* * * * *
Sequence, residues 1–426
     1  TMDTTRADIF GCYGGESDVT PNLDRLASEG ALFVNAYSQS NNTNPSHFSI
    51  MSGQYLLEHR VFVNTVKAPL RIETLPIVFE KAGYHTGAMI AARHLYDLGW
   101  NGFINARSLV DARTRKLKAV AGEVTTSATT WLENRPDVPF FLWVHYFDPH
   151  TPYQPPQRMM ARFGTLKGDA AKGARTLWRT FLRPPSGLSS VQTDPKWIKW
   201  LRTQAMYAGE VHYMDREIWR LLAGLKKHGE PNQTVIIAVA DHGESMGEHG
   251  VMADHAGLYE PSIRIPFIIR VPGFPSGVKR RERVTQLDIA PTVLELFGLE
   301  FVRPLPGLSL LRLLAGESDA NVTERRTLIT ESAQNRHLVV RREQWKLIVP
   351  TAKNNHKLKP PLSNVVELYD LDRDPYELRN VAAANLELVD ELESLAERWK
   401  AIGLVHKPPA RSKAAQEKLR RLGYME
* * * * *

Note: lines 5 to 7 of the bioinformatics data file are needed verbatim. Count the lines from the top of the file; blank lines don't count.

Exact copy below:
   151  TPYQPPQRMM ARFGTLKGDA AKGARTLWRT FLRPPSGLSS VQTDPKWIKW
   201  LRTQAMYAGE VHYMDREIWR LLAGLKKHGE PNQTVIIAVA DHGESMGEHG
   251  VMADHAGLYE PSIRIPFIIR VPGFPSGVKR RERVTQLDIA PTVLELFGLE